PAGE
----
In my childhood days growing up on the Caribbean Island of Dominica—the Nature Island—all sports shoes were referred to as tennis shoes—or “tenny-shooz,” rather. That meant you walked, ran, hiked, played netball, basketball and every other type of ball in that one, all-purpose pair of tenny-shooz. Unsurprisingly, the concept of being properly fitted for running shoes was quite foreign to me. In fact, it wasn’t until my late 20s, when I had finished my first 10K that I decided to put aside the tenny-shooz—two-year-old cross-trainers, in this case—and invested in shoes actually meant for running.
And so, while I was on a work trip to Boston, I went to a specialty store, ran on the treadmill as the store assistant watched and mulled over my pronation, and obediently bought the pair of Brooks that he suggested. Yet for the 4 months that I used those shoes, my runs would end with a strange, shooting pain in my hips that persisted for days post-run. Rest made little difference, so being the hypochondriac that I am, I decided to see an orthopedic physician. She took x-rays, contorted my legs left and right and concluded, “No structural damage…but I’ll have you do some PT.”
It was that physical therapist—bless his soul—who determined that the shoes I was running in were completely wrong for my pronation. Somehow my very neutral gait had been interpreted as hyper pronation at the specialty store. I thought back to my prior months of pain. I was fuming. It was after that unfortunate experience that I was introduced to an ASICS shoe. This time I did my fitting at a running store in Brooklyn, my neighborhood at the time. I had been inside once or twice to buy some neon-colored socks here, flashy running tights there, but my first “real” purchase at that store were my ASICS. And it was so worth it.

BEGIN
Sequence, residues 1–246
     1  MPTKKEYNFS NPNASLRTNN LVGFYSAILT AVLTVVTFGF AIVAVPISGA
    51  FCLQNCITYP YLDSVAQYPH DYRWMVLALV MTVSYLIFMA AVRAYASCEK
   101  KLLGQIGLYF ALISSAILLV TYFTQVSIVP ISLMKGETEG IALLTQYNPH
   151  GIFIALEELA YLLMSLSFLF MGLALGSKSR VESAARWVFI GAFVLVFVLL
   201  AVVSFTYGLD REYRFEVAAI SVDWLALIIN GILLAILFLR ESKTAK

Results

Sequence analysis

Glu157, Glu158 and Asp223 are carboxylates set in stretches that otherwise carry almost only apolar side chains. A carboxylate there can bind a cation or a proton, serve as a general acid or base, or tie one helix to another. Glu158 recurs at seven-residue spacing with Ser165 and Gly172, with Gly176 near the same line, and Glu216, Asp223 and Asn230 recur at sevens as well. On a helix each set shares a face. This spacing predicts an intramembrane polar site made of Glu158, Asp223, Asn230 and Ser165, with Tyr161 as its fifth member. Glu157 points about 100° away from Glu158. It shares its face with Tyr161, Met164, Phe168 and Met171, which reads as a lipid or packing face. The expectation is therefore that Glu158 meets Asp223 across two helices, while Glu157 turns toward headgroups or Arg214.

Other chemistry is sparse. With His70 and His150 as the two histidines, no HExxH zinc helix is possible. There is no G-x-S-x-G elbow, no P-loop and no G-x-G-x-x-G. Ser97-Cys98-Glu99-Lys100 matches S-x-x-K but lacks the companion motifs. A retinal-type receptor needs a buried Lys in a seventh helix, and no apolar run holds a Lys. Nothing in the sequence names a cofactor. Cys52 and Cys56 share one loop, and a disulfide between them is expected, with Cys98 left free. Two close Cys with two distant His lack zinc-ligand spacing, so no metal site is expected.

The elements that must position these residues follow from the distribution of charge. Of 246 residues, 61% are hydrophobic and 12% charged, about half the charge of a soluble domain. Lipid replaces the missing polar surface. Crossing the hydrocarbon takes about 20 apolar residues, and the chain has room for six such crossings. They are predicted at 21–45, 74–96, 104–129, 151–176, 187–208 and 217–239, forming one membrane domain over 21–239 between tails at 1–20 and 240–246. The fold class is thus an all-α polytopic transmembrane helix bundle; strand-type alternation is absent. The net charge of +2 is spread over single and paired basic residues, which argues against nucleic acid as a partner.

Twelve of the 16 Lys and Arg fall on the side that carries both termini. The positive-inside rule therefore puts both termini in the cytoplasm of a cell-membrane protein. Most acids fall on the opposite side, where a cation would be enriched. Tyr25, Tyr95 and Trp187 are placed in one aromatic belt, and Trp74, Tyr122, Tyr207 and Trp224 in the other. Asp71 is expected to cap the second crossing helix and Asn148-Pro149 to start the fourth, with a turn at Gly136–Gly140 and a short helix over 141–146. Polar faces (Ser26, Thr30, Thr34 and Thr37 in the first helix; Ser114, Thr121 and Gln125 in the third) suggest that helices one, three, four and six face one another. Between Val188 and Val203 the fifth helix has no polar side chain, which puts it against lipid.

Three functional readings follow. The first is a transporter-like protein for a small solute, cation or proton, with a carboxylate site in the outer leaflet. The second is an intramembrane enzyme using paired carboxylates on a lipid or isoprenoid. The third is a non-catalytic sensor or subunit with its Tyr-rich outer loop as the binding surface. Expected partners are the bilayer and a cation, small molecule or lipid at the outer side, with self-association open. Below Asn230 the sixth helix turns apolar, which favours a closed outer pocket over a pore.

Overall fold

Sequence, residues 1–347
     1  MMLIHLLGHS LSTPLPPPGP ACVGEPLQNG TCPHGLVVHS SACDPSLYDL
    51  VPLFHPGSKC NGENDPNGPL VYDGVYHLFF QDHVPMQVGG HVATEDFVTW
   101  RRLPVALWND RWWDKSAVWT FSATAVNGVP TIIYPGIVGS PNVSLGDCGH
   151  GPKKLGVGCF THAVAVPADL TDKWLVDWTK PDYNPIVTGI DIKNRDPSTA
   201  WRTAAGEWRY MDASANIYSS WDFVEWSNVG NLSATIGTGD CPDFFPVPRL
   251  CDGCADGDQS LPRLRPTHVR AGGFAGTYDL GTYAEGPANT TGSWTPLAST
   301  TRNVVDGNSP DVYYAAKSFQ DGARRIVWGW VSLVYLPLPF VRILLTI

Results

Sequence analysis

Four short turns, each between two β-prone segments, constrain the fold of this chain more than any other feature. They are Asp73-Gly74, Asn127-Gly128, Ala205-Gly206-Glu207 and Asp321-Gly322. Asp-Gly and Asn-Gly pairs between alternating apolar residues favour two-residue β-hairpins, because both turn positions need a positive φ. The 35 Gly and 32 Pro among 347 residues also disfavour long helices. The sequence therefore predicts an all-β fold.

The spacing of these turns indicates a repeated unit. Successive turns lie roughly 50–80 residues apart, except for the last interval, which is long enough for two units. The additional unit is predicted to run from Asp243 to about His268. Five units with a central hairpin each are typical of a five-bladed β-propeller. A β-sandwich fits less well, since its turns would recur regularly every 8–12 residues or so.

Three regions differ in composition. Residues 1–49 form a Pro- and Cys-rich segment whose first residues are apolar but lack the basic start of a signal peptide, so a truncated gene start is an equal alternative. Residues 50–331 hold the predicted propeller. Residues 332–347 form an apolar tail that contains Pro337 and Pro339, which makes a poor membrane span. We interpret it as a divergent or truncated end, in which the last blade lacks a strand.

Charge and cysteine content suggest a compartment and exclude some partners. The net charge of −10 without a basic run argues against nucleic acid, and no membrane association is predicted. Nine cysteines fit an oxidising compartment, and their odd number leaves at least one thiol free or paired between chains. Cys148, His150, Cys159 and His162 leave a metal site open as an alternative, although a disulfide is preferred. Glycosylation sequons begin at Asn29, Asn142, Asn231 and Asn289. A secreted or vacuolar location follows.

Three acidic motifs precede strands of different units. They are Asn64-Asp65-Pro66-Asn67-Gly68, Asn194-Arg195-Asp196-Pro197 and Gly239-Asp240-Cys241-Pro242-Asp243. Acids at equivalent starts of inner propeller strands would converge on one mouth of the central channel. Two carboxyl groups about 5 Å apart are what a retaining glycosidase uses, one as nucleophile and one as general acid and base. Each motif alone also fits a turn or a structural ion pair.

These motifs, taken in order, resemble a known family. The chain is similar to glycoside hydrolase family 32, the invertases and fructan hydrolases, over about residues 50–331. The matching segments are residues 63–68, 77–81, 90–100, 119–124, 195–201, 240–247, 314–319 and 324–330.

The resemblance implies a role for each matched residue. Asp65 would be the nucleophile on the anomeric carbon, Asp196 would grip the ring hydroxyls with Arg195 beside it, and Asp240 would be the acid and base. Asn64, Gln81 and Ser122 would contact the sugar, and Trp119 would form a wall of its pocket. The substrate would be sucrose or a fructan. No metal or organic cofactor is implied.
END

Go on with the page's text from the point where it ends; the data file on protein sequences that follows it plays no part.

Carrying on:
The store assistant watched me run…and I held my breath, suppressing the alarm bells starting to sound in my head. Without any hint from me about my previous running-shoe-fitting disaster, he immediately and correctly assessed me as having neutral pronation. His recommendation was the hottest-selling neutral shoe at the store: the ASICS Gel-Nimbus 12.
I liked the feel of this shoe, the blue and silver color palette and the unusual diagonal lacing—which surely had more benefit than just aesthetics! But it was when I ran outside and I felt like I was running on marshmallows—without the sticky feel, of course—that I knew this was the start of something special. In the following days, after my hips felt, well, just fine, I was hooked. Fast forward five years, three marathons, six half marathons and thousands of training miles and my Gel Nimbuses have been there every step.
Run DMC’s ode to tenny-shooz was forever codified in their rap song, “My Adidas.” As I get ready to replace my current pair after the Kingston City Run Half Marathon in Jamaica that was on March 13, I thought it only fitting (pun intended) to borrow from Run DMC…
we make a mean team, my Gel Nimbus and me
we run around together, run forever
and we won’t be mad when worn in bad weather
My Gel Nimbus…
What tenny-shooz do you run in?
Janelle Prevost is a consummate corporate career woman and sometimes health enthusiast (except when there is a bag of Cheetos in sight). She enjoys sharing her stories of running trials and triumphs.